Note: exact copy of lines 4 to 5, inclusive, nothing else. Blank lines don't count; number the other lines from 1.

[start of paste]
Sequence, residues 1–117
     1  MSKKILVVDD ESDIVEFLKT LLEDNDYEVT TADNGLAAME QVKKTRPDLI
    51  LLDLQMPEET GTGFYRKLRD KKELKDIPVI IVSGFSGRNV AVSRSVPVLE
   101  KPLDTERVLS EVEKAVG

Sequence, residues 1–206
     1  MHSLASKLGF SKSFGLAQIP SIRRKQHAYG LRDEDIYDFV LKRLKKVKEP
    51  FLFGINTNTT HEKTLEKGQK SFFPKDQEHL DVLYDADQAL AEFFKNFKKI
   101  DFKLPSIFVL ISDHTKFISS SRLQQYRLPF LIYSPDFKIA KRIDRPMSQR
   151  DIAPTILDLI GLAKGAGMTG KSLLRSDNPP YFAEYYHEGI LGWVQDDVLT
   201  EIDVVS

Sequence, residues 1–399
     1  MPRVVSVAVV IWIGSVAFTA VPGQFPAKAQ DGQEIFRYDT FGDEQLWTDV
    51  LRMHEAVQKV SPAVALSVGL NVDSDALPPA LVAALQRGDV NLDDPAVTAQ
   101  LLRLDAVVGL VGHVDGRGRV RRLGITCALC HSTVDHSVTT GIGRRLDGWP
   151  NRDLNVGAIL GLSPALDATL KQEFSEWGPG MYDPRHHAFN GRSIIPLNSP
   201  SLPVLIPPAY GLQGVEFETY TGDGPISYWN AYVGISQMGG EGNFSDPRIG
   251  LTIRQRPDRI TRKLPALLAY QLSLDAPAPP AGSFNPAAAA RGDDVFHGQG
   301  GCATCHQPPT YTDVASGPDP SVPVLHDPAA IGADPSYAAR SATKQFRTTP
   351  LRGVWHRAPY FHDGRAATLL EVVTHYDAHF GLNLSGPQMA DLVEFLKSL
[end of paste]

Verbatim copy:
   101  KPLDTERVLS EVEKAVG

Sequence, residues 1–206